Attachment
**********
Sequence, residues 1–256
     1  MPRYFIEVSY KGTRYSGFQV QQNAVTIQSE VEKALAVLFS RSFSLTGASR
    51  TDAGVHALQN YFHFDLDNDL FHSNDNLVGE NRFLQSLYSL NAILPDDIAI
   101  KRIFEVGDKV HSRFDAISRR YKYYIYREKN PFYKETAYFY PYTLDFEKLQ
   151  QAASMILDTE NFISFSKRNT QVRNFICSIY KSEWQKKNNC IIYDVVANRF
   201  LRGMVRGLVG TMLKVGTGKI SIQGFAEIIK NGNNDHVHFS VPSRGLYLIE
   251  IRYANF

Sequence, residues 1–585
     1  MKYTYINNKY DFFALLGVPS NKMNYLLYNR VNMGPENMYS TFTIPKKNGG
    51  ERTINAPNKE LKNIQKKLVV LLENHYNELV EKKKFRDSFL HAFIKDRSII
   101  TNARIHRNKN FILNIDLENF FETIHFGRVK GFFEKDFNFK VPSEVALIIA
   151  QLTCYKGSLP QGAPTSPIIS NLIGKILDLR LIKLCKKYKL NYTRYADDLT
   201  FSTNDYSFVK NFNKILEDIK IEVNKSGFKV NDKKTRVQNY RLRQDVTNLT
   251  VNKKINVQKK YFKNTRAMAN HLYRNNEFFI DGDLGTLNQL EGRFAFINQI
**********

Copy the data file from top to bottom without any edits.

Sequence, residues 1–256
     1  MPRYFIEVSY KGTRYSGFQV QQNAVTIQSE VEKALAVLFS RSFSLTGASR
    51  TDAGVHALQN YFHFDLDNDL FHSNDNLVGE NRFLQSLYSL NAILPDDIAI
   101  KRIFEVGDKV HSRFDAISRR YKYYIYREKN PFYKETAYFY PYTLDFEKLQ
   151  QAASMILDTE NFISFSKRNT QVRNFICSIY KSEWQKKNNC IIYDVVANRF
   201  LRGMVRGLVG TMLKVGTGKI SIQGFAEIIK NGNNDHVHFS VPSRGLYLIE
   251  IRYANF

Sequence, residues 1–585
     1  MKYTYINNKY DFFALLGVPS NKMNYLLYNR VNMGPENMYS TFTIPKKNGG
    51  ERTINAPNKE LKNIQKKLVV LLENHYNELV EKKKFRDSFL HAFIKDRSII
   101  TNARIHRNKN FILNIDLENF FETIHFGRVK GFFEKDFNFK VPSEVALIIA
   151  QLTCYKGSLP QGAPTSPIIS NLIGKILDLR LIKLCKKYKL NYTRYADDLT
   201  FSTNDYSFVK NFNKILEDIK IEVNKSGFKV NDKKTRVQNY RLRQDVTNLT
   251  VNKKINVQKK YFKNTRAMAN HLYRNNEFFI DGDLGTLNQL EGRFAFINQI